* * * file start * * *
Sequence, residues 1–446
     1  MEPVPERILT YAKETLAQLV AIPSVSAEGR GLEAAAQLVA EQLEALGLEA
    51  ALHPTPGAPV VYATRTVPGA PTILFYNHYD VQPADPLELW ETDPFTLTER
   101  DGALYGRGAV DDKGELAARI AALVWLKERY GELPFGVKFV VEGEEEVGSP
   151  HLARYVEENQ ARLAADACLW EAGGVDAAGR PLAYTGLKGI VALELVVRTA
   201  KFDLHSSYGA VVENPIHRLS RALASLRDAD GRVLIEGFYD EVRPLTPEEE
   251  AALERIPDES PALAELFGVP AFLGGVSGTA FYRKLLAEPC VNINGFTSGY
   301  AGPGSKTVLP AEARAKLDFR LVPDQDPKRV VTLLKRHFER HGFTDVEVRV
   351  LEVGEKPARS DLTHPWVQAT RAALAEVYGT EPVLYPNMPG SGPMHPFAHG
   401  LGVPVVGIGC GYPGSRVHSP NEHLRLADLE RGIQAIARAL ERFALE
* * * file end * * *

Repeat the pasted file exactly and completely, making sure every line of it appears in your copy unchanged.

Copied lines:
Sequence, residues 1–446
     1  MEPVPERILT YAKETLAQLV AIPSVSAEGR GLEAAAQLVA EQLEALGLEA
    51  ALHPTPGAPV VYATRTVPGA PTILFYNHYD VQPADPLELW ETDPFTLTER
   101  DGALYGRGAV DDKGELAARI AALVWLKERY GELPFGVKFV VEGEEEVGSP
   151  HLARYVEENQ ARLAADACLW EAGGVDAAGR PLAYTGLKGI VALELVVRTA
   201  KFDLHSSYGA VVENPIHRLS RALASLRDAD GRVLIEGFYD EVRPLTPEEE
   251  AALERIPDES PALAELFGVP AFLGGVSGTA FYRKLLAEPC VNINGFTSGY
   301  AGPGSKTVLP AEARAKLDFR LVPDQDPKRV VTLLKRHFER HGFTDVEVRV
   351  LEVGEKPARS DLTHPWVQAT RAALAEVYGT EPVLYPNMPG SGPMHPFAHG
   401  LGVPVVGIGC GYPGSRVHSP NEHLRLADLE RGIQAIARAL ERFALE